Navigating Veterinary Mentorship with Dr. Sushicat

Do you remember the first time you had to spay or neuter a cat, or diagnose a dog with Cushing’s disease? Have you asked a pet owner to look at you, knowing they understood what was going on with their pet because you had the words and skills to help them? Do you remember how scary it was to not feel like you had these skills? Did you have someone with you who helped you navigate this situation and pushed you past imposter syndrome?

We’ll call my someone Dr. Sushicat, to protect me after Dr. Sushicat reads this. She may have seemed unapproachable at first, but she was extremely kind and had a lifetime of knowledge and experience in the ER. Dr. Sushicat was always ready to provide pearls of wisdom that even today, 20 years later, I share because they are as relevant today as they were then.

I was scared to death at the thought of surgery and countless times Dr. Sushicat supported me morally until the last time. I can still see her through the cabinet window: “Enter the abdomen, Bauer, stop messing around!” Which, I now know, meant, “You got it, I’m going to go eat sushi.” » Dr. Sushicat was right; I was fine, as was the patient.

Most of us do not set out to teach and mentor, but by default, as veterinary leaders, we assume these roles with our colleagues, technicians, receptionists, clients, new graduates, and veterinary students. I imagine most of us are where we are today because a veterinarian somewhere in our past took the time to mentor us. It can be intimidating to think about taking on this role voluntarily, especially when we’re having trouble keeping appointments, but feeling a little uncomfortable may be just what the vet ordered.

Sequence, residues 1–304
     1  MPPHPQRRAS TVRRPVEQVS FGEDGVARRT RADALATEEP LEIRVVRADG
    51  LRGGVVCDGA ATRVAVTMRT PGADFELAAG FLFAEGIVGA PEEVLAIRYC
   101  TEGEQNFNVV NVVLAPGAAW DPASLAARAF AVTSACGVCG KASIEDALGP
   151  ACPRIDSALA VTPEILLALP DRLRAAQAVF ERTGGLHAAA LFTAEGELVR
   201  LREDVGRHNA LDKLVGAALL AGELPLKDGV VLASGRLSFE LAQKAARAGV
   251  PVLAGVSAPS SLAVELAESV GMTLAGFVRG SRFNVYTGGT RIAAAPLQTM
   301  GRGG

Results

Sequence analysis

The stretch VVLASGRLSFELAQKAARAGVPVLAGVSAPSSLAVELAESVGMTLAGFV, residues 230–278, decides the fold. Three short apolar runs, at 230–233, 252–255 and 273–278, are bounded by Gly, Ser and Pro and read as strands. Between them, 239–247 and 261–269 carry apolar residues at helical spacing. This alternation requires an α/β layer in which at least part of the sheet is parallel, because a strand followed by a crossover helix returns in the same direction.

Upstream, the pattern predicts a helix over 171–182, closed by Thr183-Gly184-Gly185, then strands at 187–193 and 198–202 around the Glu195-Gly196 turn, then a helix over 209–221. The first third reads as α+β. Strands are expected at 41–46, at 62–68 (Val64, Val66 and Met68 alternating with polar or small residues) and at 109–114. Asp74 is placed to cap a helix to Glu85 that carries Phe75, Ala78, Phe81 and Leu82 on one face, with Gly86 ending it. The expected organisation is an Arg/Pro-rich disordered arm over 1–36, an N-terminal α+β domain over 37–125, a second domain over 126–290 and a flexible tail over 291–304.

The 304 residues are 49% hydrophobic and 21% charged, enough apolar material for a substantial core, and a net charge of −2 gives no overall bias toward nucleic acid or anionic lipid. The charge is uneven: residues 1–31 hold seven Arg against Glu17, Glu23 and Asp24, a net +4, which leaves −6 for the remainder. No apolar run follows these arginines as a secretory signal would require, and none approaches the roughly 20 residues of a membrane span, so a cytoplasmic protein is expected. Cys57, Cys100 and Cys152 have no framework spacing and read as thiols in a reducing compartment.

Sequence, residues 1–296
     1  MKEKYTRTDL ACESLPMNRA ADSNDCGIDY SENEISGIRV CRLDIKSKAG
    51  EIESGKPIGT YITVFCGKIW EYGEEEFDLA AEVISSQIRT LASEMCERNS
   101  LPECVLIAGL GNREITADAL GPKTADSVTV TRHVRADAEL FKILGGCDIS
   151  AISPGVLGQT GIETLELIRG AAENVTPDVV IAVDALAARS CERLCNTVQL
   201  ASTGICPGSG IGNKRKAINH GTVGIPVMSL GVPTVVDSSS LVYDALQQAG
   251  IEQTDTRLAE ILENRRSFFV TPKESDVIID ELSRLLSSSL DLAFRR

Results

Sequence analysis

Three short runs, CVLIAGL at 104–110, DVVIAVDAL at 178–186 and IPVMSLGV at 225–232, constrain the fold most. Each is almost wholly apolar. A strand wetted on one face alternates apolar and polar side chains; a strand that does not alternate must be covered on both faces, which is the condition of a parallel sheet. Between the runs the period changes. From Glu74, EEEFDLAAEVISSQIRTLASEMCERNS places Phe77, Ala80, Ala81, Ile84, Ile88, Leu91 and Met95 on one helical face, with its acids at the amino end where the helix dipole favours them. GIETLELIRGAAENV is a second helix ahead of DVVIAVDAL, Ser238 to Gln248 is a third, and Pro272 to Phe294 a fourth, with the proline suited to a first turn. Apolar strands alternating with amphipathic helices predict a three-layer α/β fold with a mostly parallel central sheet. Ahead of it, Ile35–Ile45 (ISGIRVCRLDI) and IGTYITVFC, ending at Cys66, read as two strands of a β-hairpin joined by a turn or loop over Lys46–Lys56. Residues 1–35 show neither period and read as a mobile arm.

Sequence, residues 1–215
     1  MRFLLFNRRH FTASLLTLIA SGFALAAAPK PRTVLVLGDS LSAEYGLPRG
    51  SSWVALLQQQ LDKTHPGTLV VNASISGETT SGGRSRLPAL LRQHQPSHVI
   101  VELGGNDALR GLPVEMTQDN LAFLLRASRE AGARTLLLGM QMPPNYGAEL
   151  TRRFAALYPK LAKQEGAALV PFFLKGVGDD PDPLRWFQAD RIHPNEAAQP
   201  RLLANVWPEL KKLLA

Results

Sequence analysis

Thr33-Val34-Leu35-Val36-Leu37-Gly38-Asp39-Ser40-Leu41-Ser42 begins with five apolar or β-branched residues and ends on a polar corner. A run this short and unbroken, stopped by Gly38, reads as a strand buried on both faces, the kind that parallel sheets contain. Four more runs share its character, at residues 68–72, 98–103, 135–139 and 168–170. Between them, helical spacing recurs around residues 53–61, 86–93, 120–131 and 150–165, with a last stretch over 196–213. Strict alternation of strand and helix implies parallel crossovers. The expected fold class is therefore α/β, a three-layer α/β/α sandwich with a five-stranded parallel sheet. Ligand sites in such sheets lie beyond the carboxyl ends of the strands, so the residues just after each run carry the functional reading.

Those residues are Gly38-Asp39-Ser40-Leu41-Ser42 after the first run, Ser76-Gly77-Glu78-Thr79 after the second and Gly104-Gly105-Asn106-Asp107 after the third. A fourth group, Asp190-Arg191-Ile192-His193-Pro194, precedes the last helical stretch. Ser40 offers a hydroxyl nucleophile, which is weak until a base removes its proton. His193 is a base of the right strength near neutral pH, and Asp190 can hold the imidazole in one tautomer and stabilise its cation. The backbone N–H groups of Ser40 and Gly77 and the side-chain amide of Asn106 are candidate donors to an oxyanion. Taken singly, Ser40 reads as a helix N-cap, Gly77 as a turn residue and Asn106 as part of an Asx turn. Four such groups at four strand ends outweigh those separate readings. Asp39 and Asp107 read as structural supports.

What could mentoring look like at your institution?

Are you a one-doctor practice that can manage only one extern at a time? Do you practice on an outpatient basis and spend a lot of time on the road? Are you an emergency room with senior doctors looking to train? Or do you have a great tech staff that can partner with a local tech school? Inviting externs, interns, and new grads into your practice keeps everyone on their toes. Students and recent graduates are like children; they ask the most absurd things, and if we listen to them, they can make us see things that have become so banal that they have become invisible.

I am fortunate to be part of a veterinary care network that values ​​lifelong learning while constantly striving to find balance and elevate the profession. Thrive Pet Healthcare understands that training drives excellence. They are constantly developing and revamping their programs to facilitate training in our hospitals.

It takes time to welcome external veterinary students and supervise new veterinary graduates. Fitting this into an already busy schedule takes planning. In my experience, the best way to combat this is to have a written strategy that is communicated to all parties (local leaders, learners, teachers/mentors). Everyone participates in learning and feedback.